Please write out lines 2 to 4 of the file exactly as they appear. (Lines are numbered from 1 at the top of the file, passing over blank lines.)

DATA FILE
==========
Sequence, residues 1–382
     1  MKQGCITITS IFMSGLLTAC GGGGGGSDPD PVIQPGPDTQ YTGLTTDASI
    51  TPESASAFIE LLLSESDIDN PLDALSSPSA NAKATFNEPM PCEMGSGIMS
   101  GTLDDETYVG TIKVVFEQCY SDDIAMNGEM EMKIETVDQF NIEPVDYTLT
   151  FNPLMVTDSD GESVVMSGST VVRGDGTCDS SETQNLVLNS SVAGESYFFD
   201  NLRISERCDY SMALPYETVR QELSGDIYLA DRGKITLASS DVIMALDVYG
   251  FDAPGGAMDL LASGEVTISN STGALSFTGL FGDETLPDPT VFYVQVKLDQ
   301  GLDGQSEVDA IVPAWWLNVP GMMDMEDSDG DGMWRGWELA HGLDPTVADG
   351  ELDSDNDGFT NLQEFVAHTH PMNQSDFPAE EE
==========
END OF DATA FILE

     1  MKQGCITITS IFMSGLLTAC GGGGGGSDPD PVIQPGPDTQ YTGLTTDASI
    51  TPESASAFIE LLLSESDIDN PLDALSSPSA NAKATFNEPM PCEMGSGIMS
   101  GTLDDETYVG TIKVVFEQCY SDDIAMNGEM EMKIETVDQF NIEPVDYTLT